Matt went to the library and searched about how to load and fire a gun. He didn’t want any traces of such searches on his home computer. It looked pretty simple, and he biked over to the Belle Isle Marsh Reservation and practiced loading and unloading  beneath the high reeds so no one would see him. He cleaned each pistol with some gun oil he found in his basement and then set his eye on a nice fat, oak tree. He fired each gun into it once from ten feet. His ears rang like shit, but both weapons worked and he hit the target dead center. He knew shooting was difficult and he would have to be the same distance to ensure he’d put Carmine and his boys down. He would practice-fire no more than once, knowing he had to save the shots for the moment of truth.

He may have fooled his parents about his job at Foot Locker, but it wasn’t long before Kitty discovered the ruse. She stopped by Foot Locker and the boss told her Matt had quit. She said he wasn’t due to leave for another week. The boss reddened with anger and knew he’d been played.

Kitty herself was angry. Why would Matt quit his job like this and not tell her? Was there another girl? Would that even matter? They’d agreed to go their separate ways once college started, but they had another week to go. Maybe he was still upset about Mr. Martinelli. She wanted answers.

Matt didn’t respond to her calls and texts at first, but she soon threatened to stop by his house. After his trip to the woods, he agreed to meet her at a Starbucks in his neighborhood. They both ordered iced coffees but neither was actually thirsty.

When Kitty saw Matt, it was almost as if she didn’t recognize him. It was Matt…but not. One thing she loved about him was his playful nature. There was always a joke on his lips and a smile hiding somewhere. Matt had zest and was perpetually upbeat. All of that seemed gone now.

In front of her sat not the boy she loved but a man with a lot on his mind. He rubbed his hands together nervously. The same hands that had once travelled over her body in a way that made her wriggle with pleasure. He hunched his shoulders weakly. The same shoulders that she would rest her head on to feel his strength.

He couldn’t tell her, or could he? He needed to confide in someone. It was eating away at him. The only other person who knew his plan was Chad, but Chad had abandoned him. “I know something’s wrong, Matt,” Kitty said, taking his hand. He felt it for a second, its warmth and strong tenderness, but then he pulled it back.

“I…” he started but stopped, looking away from Kitty.

“Is there someone else?” she asked.

He laughed. It just escaped. It seemed so wildly ridiculous. Kitty didn’t know what he was planning to do, but she thought he was cheating on her? It was…funny.

But Kitty didn’t think so. “Fuck you!” She got up to leave.

“Kitty, wait. I’m sorry.” Matt rose and went after her. “Come on,” his eyes shone lightly. Kitty’s accusation, as off the mark as it was, broke the tension. The Matt she knew showed himself, and she melted for him. They sat down again.

“I can see something’s bothering you. Is it what happened with Mr. M?” A much more reasonable line of questioning.

“Yeah,” Matt admitted. “But there’s more to it. Did you know Jason left for school already?”

“No,” Kitty said, but she didn’t see how that was relevant

“He left early,” Matt went on. Again, Kitty was confused. A guy leaving early who’s playing big time college football made sense. “Do you know why he left early?” Matt asked. He was edging closer to the truth.

“I don’t know why, maybe to get ready for tryouts,” Kitty guessed.

She was way off. If only she knew. If only everyone knew. He hadn’t been to confession in years, but the secret he desperately wanted to tell someone about was on his lips. Kitty would be his priest, if that made any kind of sense. “Well…he got sh-“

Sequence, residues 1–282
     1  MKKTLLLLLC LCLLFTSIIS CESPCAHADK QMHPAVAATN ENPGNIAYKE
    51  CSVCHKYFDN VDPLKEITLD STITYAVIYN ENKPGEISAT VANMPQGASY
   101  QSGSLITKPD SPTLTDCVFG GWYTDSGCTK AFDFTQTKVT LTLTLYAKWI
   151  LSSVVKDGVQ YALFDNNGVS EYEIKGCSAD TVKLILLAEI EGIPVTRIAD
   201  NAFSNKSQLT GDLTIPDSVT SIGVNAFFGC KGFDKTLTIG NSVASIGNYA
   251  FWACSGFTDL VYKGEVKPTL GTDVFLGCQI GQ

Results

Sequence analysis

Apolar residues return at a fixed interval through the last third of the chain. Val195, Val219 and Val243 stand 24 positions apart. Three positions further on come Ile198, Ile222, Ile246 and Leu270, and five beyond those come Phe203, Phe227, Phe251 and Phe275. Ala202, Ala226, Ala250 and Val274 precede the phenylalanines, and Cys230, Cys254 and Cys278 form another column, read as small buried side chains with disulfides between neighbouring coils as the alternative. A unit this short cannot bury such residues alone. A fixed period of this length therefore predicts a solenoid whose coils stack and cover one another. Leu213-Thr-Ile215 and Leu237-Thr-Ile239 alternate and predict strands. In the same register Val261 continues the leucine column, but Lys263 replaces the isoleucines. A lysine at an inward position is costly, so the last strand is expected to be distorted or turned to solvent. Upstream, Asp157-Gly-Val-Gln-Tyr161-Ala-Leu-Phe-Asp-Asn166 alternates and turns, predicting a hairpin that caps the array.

Kitty’s cell phone rang, a Lady Gaga ring tone. It was her mother. Was she going to make dinner or not? Not, she said and hung up. “He got what?” Kitty asked.

“Oh, nothing,” Matt said. He became distant again, the spark of life Kitty had seen a moment ago faded.

She wanted to be with him, the real him, just one more time before they went their separate ways. “My parents are going away this weekend. Do you want to come over?”

Desire swelled within him. Thoughts of all the times they’d done it rushed at him. Her gorgeous breasts (she had these small nipples he couldn’t get enough of), her long hair freed from braids and whipping about, her strong legs, and the heaven that was in between them. But what if Carmine came for him? He couldn’t put Kitty in danger like that. He had to shoot her down. “I can’t,” he mumbled.

That answer was not good enough for her. It was the easiest sex he’d probably ever have. He had to be crazy. “What’s wrong with you?!” she shouted. “I tell you I want to do you and you say no? Don’t I mean anything to you?”

She did. She meant so much, but he knew any more involvement would be a risk to her. Matt thought taking on Carmine would be the hardest thing he’d ever have to do, but this was worse. He had to be cold, “We agreed it was over. If we have sex, it’s like we’d be together again. I don’t think that’s a great idea.” He kept a straight face but was dying on the inside.

Tears seeped out the corners of Kitty’s eyes. She slammed her fist on the table. People stared. “Fuck you, Matt!” she screamed, rising and leaving.

Matt took a step to go after her but then stopped. He watched her through the smudge-stained windows of Starbucks as she got into her car and took off. He told himself this wouldn’t be the last time he would see her, that he’d make it up to her when the time was right. But the possibility remained that he would never see her again, and it was a shame their last meeting had gone this way.

When Kitty’s car was gone from view, Matt noticed all the customers in the coffee shop were watching him. What had he said to that nice girl? Perv. He met this intrusion with a hard look, staring down each and every patron who laid eyes on him. They didn’t want any trouble with him, so they returned to their conversations.

Matt felt the thrill of power. It wasn’t just staring these people down but knowing what he was going to do on their behalf. He was standing up for them, the neighborhood. He would be removing not just a threat to himself but to all of Revere. He was like Charles Bronson or The Rock, taking out the trash, cleaning up the streets. Why hadn’t anyone done this before? It seemed so simple.

So damn simple.